Leon Pahole

How to manage TypeScript enums to prevent maintainability issues

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Written by Leon Pahole

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Cover image source: Joan Gamell on Unsplash

Post contents: Enums are a great way to restrict values of variables to a limited set of chosen constants. This makes the code more readable and less error-prone, as we no longer need to use magic numbers. However, enums can also cause our code to become hard to read and maintain as our codebase expands. In this blog post I describe how I solve these concerns in TypeScript.

Let’s consider the following code:

// AggregationMethod.ts
export enum AggregationMethod {

// computation.ts
const aggregate = (values: number[], method: AggregationMethod): number => {
  if (method === AggregationMethod.AVERAGE) {
    return average(values);

  if (method === AggregationMethod.MIN) {
    return min(values);

  if (method === AggregationMethod.MAX) {
    return max(values);

The code is clear and readable for now, but in the future, we might run into one of the following issues:

  • Adding new enum values - when adding new values into the AggregationMethod enum, we will have to remember to update all usages of the enum. In the example above, this means another if clause. With time this chain will become long, or we might forget to update it.
  • Scattered code - over time the enum will be used across many files in the codebase. This will cause logically related code to become physically scattered, which will make it harder to reason about the AggregationMethod enum.

Consider another function, somewhere else in the codebase (most likely in one of the UI components):

// help.ts
const getDescription = (method: AggregationMethod): string => {
  if (method === AggregationMethod.AVERAGE) {
    return "Returns average of all provided numbers.";
  } else if (method === AggregationMethod.MIN) {
    // ...
  } else if (method === AggregationMethod.MAX) {
    // ...

And then, somewhere else:

// selectAggregationMethod.ts
const aggregationMethod =
  selectedAggregationMethod ?? AggregationMethod.AVERAGE;

Based on the code that we have seen so far, we can make the following conclusions about the AggregationMethod enum:

  • Each aggregation method has its own way to compute a single number out of an array of numbers.
  • Each method has a text description.
  • The default method for aggregation is AggregationMethod.AVERAGE.

In practice, however, such visibility will be hard to see unless we dig into each of the files that contain chunks of code that relate to AggregationMethod. This is the risk of enums.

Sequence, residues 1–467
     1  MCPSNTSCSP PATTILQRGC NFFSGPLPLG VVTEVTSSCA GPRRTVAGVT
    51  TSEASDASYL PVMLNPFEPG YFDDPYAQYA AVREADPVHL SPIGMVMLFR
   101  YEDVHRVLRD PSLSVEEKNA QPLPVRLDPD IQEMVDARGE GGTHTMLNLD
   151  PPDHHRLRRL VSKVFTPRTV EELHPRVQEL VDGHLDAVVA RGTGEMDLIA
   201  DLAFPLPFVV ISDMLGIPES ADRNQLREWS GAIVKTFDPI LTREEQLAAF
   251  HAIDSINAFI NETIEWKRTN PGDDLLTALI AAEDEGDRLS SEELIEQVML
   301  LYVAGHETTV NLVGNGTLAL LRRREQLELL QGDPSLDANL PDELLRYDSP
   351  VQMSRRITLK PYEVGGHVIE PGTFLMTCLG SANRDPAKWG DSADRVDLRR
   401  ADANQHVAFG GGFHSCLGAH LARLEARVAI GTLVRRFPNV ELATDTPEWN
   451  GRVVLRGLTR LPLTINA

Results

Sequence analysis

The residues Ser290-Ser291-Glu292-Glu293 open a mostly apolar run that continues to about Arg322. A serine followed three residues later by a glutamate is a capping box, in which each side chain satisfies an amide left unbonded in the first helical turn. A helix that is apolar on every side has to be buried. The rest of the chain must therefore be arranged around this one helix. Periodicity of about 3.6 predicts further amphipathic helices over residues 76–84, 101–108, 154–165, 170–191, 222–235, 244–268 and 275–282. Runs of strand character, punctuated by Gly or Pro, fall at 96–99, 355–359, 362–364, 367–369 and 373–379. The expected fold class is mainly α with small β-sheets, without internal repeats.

How can we solve this?

Do we even need enums?

Before we try to solve this issue, we must ask ourselves if enums are even appropriate for our use case. We could alternatively use polymorphic classes to get rid of conditionals.

In our example, we could create an abstract class AggregationMethod with the property description and abstract method aggregate(values: number[]). We could then create one subclass for each of the concrete aggregation methods and implement description and aggregate.

This approach makes the code for aggregation methods stick together in the codebase and eliminates risks associated with adding a new method. Adding a new aggregation method becomes as simple as adding a new subclass.

This approach solves our issues, but in front-end applications, we often still need to deal with raw primitive enum-like values. For instance, the user of our application will most likely choose the aggregation method using the dropdown component in the GUI. The value of that dropdown will be a single primitive value, like a string or a number. This is very reminiscent of enums.

In addition, JavaScript front-end applications are often structured in a way that makes it very inconvenient to be passing objects around. Enums often enable a better developer experience.

With that in mind, let’s look at an alternative approach.

Getting rid of if statements

Here’s a useful approach that I used a lot in the past - getting rid of if statements using a mapper object. Let’s see the refactored getDescription function:

// help.ts
const getDescription = (method: AggregationMethod): string => {
  const descriptionMapper: Record<AggregationMethod, string> = {
    [AggregationMethod.AVERAGE]: "Returns average of all provided numbers.",
    [AggregationMethod.MIN]: "...",
    [AggregationMethod.MAX]: "...",

  return descriptionMapper[method];

Here we leverage the power of the JavaScript bracket notation for dynamic property access to pick out the right description from the mapper object.

In addition, the mapper object has an explicit type of Record<AggregationMethod, string>, which means we are declaring an object with keys of type AggregationMethod and values of type string. This forces us to specify all enum values in the keys of the object; otherwise Typescript will refuse to compile: